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18 July 2006

System selection reviews

By Andrew Clifford

When you are selecting a new software package, do not rush the preparation of your vendor questionnaire. A well-prepared questionnaire helps you review the impact of each option easily and effectively, and saves you time in the long run.

Many business have a process for selecting new software packages. This might include an invitation to tender (ITT), request for information (RFI) or request for proposal (RFP).

Within your process, you need to investigate how well each option meets business requirements. You need to look at commercial aspects such as cost and vendor viability. You need to investigate whether each vendor can deliver to your plans.

You also need to understand the technical issues of each option. This will identify options that have such severe problems that you should not select them. Whichever option you do finally select, a knowledge of the issues will help you understand what you need to do to implement it effectively.

Technical reviews usually involve sending a questionnaire to each vendor, and reviewing their responses. I have been involved in many of these reviews. They are often frustrating.

  • Often you do not get back half of the information you need, because you did not ask the right questions.
  • Often you do not get back the sort of answers you expect. You get one-line answers when you expected an explanation, or pages of marketing fluff when you wanted a one-line answer.
  • Many questions are pointless. Questions like "Can the data be backed up?" always give the answer "Yes".
  • When you come to review the answers, there are arguments about what is good and bad. The review descends into political infighting and which vendor gave the best lunch.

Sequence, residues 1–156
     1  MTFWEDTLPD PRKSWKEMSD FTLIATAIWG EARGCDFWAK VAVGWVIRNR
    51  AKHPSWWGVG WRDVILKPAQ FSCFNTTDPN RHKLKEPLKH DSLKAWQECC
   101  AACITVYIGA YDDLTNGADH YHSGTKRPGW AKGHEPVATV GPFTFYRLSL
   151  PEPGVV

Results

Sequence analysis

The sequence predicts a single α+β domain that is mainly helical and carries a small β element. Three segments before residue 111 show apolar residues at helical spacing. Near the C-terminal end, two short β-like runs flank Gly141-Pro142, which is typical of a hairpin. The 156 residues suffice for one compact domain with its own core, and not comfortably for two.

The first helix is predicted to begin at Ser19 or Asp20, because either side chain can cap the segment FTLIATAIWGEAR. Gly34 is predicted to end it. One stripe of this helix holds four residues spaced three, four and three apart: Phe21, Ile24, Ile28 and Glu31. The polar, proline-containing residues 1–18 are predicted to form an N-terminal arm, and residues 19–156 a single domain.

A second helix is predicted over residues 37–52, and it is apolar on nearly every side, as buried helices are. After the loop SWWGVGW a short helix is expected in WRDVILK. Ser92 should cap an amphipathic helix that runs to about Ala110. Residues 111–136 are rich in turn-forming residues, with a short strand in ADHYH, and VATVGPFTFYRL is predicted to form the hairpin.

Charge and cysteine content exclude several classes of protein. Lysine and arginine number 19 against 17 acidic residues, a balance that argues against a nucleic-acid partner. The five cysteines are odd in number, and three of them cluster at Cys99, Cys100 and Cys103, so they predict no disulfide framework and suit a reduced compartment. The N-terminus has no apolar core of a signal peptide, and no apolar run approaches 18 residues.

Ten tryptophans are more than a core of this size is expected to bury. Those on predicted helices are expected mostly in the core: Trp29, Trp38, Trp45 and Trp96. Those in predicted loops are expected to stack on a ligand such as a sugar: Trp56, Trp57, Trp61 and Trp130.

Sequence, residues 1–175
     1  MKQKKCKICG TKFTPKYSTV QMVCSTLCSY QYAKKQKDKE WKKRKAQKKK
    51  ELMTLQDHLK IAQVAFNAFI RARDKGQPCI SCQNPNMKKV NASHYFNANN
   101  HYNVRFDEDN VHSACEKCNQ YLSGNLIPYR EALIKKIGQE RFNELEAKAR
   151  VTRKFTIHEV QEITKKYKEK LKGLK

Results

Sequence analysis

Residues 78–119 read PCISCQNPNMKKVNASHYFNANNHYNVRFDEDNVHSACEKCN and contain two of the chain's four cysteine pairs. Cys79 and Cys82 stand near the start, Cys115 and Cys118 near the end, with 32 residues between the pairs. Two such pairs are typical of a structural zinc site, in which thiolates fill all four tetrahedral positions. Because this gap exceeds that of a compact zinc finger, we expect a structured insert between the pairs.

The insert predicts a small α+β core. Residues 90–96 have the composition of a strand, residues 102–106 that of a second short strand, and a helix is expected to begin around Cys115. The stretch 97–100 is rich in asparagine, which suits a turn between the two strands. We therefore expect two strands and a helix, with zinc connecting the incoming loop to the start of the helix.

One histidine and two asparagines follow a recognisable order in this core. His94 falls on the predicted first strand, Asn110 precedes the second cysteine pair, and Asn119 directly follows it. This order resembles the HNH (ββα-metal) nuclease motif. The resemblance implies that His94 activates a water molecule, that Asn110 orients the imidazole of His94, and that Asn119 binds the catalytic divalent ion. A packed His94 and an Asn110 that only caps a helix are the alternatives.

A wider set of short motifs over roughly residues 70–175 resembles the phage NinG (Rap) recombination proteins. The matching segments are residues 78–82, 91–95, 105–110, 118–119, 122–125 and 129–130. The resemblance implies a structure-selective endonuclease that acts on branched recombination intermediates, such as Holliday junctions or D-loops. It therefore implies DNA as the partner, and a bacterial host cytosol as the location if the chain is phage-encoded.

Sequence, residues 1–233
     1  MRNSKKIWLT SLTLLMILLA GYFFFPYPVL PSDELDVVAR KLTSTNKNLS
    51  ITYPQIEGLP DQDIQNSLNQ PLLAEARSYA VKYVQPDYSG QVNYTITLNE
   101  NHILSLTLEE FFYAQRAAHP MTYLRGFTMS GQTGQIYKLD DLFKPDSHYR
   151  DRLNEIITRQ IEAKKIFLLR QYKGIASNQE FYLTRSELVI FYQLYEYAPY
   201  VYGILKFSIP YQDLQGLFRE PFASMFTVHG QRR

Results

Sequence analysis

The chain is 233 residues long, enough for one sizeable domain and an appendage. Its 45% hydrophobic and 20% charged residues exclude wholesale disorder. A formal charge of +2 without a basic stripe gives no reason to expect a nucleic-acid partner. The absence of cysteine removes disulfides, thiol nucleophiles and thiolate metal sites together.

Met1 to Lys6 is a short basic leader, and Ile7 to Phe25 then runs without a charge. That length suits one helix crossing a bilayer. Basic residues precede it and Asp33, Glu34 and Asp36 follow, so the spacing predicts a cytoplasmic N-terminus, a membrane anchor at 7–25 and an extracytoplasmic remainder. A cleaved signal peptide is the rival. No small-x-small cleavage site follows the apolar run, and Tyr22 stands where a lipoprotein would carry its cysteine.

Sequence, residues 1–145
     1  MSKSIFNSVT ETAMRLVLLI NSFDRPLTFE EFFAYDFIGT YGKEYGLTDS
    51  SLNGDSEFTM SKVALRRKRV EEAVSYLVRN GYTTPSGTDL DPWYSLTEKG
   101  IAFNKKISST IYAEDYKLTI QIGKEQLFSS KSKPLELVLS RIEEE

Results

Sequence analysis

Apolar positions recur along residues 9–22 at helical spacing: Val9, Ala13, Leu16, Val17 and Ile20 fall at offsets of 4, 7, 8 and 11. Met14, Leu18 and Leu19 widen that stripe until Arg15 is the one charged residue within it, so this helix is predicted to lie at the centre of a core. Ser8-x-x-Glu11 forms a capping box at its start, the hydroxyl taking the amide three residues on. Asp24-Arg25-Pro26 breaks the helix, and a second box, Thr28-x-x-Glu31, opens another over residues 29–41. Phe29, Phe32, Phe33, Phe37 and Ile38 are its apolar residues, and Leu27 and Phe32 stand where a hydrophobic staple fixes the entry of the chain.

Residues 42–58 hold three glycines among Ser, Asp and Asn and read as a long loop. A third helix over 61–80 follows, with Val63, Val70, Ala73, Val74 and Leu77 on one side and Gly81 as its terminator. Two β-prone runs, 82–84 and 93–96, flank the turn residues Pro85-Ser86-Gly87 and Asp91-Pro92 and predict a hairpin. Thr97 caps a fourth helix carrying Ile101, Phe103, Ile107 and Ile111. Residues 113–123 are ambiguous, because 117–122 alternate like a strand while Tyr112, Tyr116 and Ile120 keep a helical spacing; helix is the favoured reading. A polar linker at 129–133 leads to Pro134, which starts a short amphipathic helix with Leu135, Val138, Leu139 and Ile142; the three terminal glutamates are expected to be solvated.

These problems are surprisingly common. They completely undermine the review. They stop you identifying critical technical issues.

These problems are caused by a lack of preparation. A little preparation goes a long way.

  • Start with a standard questionniare template so that you know you have covered all the important areas. Run a workshop with all relevant parties (often different technical specialists from the IT department) to refine the questions.
  • Think what you are looking for in each answer. Think what a good answer would look like, and an unacceptable one. Think about the limit of acceptability: an answer that is OK, but only just.
  • Carefully word each question to ask precisely for the answers and level of detail that you need. Never ask a question to which everyone can answer "yes".
  • Agree a weighting and scoring scheme before you send out the questionnaire. One easy way is to take an average of the weightings from different stakeholders.

This approach helps you understand the technical issues with each option. It is effective, fast and cheap. It provides an auditable process to show that you have investigated properly.

This approach is the basis for the system review method that we promote at Metrici, about which I wrote last week. You can use the same approach, and similar templates, to help you during system selection, and to review systems during projects.

It isn't rocket science. But it works.

Next: Future proofing

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